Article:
Once described as “a renaissance woman of contemporary British music” (The Observer), internationally celebrated composer, singer-songwriter and educator Errollyn Wallen CBE is inspiring the next generation of musicians in her new role as Visiting Professor of Composition at RCS.

From classical to contemporary, Errollyn’s prolific cross-genre output spans everything from opera and dance to film and television. She has been commissioned by institutions including the BBC and the Royal Opera House and has performed her songs across the globe.

Born in Belize, Errollyn gave up her training at the Dance Theater of Harlem, New York to study composition at the universities of London and Cambridge. She founded Ensemble X with its motto ‘We don’t break down barriers in music… we don’t see any’, which reflects her free-spirited approach and eclectic musicianship.

Tonight, tune in to a world premiere of Errollyn’s music in a free online concert — a new violin piece, Sojourner Truth, for Madeleine Mitchell. Madeleine has created a concert programme celebrating some of the finest British female composers of the past 100 years with the London Chamber Ensemble, which she founded and directs.

Enjoy Errollyn’s composition Dervish performed by Graeme McNaught and Martin Storey.


Contemporary Performance Practice student Indra Wilson is helping women across the UK face life during breast cancer and beyond. From creating a support network to publishing a new book, From Them, To You, she’s on a mission to boost women’s body confidence and mental health.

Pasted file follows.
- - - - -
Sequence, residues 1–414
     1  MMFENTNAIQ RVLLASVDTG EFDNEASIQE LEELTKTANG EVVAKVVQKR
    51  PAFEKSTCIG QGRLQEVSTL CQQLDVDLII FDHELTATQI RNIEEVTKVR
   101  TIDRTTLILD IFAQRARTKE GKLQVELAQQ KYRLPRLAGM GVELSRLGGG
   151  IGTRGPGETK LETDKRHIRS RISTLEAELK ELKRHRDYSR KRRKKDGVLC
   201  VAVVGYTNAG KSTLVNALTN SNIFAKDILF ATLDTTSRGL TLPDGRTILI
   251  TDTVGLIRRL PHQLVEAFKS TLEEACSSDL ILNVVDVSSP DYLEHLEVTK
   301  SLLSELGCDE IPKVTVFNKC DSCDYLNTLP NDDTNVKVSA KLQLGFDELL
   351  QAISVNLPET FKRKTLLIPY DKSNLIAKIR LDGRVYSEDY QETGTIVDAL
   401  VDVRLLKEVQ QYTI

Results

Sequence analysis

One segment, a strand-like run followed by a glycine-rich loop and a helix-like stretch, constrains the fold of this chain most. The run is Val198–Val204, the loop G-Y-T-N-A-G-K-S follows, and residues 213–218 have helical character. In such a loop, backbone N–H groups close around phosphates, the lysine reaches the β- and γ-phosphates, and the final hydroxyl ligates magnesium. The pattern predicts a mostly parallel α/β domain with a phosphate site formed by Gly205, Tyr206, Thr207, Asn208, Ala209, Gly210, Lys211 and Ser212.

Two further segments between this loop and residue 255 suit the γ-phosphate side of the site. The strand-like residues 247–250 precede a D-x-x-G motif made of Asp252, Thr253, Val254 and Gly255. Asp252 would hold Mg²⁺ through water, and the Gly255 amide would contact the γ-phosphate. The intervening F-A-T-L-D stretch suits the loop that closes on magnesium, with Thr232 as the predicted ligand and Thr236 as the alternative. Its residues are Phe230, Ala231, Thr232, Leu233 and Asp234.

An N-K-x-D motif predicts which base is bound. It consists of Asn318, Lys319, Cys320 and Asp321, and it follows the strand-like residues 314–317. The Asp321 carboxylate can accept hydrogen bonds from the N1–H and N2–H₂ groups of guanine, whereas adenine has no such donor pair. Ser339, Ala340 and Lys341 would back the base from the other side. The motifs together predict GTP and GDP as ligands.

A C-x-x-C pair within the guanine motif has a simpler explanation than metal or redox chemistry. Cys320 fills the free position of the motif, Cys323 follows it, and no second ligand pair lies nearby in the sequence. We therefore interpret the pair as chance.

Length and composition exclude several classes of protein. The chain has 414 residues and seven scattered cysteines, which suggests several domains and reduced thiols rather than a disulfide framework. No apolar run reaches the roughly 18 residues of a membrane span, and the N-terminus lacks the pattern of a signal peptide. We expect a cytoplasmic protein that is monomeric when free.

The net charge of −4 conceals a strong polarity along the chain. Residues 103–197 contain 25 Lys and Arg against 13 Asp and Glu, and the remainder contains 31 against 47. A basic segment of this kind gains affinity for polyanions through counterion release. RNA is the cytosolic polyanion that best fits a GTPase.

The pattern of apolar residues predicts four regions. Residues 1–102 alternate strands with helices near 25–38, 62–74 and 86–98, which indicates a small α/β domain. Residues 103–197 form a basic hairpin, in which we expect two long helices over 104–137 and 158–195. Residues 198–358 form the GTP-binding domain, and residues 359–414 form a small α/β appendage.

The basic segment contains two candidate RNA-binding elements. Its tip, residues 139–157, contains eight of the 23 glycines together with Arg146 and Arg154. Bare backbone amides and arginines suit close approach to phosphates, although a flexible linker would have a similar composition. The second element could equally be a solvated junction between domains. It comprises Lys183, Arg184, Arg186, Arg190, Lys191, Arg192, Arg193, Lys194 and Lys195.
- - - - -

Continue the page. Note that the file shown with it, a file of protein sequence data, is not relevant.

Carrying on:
Read our interview with Indra in our digital magazine, Review

Emma Ritter-Bondy, first female professor in the Conservatoire


We remember the inspirational and pioneering Emma Ritter-Bondy on International Women’s Day. In 1892, Emma was appointed the first professor of our founding institution. Not only was she the first to be bestowed with the title at the Glasgow Athenaeum School of Music, she is believed to be the very first female professor of a UK higher education institution.

Emma’s historic appointment as Professor of Piano was made in the same year that women were only just allowed to study at Scottish universities. As the only woman to hold such a post in an environment which was almost entirely male dominated, it put Emma at the forefront of arts education in Scotland and beyond.

Read Emma’s story on the BBC.

Guitarist and RCS lecturer Jenn Butterworth joins students for a special concert to celebrate St Andrew's Day


Award-winning folk guitarist Jenn Butterworth is a leading light of the #TradStandsWithHer campaign, which is tackling misogyny and abuse in folk and traditional music.

It was launched by the BIT Collective in 2020 – Jenn is a part of its core committee — which has a mission to discuss and address equality issues in the Scottish traditional arts.

In a video shared on RCS’s social channels, Jenn spoke on behalf of the traditional music department and called out the sexual harassment of female musicians in folk and traditional music, from coercion and assault to casual belittlement, whether in Scotland, Ireland or elsewhere in the UK or the world at large.

The campaign supports the promotion of a culture of respect, trust and equality for all traditional musicians and the creation of a safe collaborative environment.

Read more about Jenn’s folk tales in Review magazine.

Gaia images © Louise Mather

All other images © Robert McFadzean